The research conducted by the RCPsych and MAT threw up some startling facts about issues of mental health and debt. It was calculated that every 30 seconds across the UK, staff working in collections will have to make a decision as to how best to recover a debt from a customer who says they have a mental health issue. What this means for the average collections team in terms of how many such customers they will have to deal with is this - the rule of thumb is that every member of your collections team, whether office based or field based, will come into contact with 5 debtors with a mental health problem each and every month.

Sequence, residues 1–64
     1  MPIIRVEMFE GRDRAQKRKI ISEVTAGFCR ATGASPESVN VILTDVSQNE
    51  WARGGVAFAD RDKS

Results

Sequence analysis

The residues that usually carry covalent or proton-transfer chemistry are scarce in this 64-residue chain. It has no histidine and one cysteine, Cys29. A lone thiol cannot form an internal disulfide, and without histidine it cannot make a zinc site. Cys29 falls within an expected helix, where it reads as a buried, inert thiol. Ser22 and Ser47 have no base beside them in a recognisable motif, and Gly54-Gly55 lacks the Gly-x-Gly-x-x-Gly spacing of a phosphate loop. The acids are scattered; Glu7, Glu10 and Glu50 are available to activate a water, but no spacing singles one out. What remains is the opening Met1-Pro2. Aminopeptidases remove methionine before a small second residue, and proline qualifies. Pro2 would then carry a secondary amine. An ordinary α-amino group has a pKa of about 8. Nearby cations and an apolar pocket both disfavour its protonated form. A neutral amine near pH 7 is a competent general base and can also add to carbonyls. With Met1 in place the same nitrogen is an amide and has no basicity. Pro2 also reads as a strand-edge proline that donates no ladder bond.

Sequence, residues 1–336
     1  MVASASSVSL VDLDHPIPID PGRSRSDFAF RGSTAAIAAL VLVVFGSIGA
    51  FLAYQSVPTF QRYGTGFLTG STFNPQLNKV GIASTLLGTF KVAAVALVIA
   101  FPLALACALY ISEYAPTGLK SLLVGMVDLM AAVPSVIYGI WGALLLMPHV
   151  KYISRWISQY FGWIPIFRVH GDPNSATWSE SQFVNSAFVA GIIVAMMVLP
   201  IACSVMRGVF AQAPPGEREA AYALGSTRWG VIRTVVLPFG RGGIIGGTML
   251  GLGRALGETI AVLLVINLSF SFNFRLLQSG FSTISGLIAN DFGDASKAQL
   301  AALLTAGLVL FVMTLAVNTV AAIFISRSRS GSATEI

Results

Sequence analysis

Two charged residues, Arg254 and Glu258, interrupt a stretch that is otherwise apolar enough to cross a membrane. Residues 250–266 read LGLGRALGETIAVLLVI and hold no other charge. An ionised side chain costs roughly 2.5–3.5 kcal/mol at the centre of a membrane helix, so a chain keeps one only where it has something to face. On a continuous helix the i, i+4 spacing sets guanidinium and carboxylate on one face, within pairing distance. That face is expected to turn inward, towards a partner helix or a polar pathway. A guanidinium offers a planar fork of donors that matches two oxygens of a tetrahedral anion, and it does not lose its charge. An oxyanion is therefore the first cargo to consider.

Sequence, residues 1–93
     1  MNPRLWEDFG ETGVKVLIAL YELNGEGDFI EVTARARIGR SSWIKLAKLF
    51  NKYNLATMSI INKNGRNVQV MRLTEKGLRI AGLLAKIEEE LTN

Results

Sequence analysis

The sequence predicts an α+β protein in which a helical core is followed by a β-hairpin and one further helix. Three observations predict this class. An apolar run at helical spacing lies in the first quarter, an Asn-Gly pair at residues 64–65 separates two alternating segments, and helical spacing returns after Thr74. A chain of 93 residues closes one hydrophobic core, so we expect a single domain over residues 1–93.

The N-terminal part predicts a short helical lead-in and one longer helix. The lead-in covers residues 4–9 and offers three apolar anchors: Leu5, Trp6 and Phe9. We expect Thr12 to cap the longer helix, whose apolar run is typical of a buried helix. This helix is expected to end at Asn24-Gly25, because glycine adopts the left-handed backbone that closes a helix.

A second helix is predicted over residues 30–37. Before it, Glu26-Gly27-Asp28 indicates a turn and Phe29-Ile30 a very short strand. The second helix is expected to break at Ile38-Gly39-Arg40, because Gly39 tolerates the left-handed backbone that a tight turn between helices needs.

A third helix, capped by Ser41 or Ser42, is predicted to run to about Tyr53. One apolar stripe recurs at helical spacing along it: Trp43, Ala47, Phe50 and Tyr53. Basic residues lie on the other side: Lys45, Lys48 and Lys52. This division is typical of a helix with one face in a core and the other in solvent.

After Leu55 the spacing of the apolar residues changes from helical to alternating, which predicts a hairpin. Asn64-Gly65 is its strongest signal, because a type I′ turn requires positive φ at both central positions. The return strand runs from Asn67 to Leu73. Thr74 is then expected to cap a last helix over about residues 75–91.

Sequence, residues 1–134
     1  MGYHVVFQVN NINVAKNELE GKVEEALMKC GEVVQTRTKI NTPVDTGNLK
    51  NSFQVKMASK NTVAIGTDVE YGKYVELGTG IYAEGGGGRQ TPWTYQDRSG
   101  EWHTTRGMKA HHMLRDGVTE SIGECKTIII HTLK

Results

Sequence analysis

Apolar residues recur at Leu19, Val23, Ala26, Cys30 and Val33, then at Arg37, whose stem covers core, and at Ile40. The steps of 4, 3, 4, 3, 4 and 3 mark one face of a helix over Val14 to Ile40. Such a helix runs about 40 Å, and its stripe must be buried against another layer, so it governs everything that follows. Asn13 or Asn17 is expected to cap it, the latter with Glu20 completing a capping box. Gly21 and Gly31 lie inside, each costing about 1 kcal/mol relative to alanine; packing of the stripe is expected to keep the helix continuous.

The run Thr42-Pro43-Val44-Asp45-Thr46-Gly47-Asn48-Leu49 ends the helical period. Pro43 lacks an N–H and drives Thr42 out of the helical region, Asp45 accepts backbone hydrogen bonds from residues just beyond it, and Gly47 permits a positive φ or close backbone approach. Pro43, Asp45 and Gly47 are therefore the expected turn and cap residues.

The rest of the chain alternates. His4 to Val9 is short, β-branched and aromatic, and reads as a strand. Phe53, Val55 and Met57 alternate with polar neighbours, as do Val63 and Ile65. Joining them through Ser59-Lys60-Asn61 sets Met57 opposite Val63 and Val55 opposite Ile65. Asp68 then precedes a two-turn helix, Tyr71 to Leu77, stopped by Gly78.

It is often the case that it will be a member of the telephone collections team or even an enforcement officer on the doorstep with a writ or warrant in their hand who is the first person confronted with the reality of the debtor's situation - that the debtor is suffering from genuine mental health issues. It is unfortunately the case in all too many instances that debtors with mental health issues do not properly engage with the collections process or the court recovery process, and their mental health problems may not become apparent until an officer actually turns up at their premises.

How that person handles the situation may be crucial not only to the successful collection of the debt but to the long term mental health of the debtor.

Other figures thrown up by this research were equally fascinating: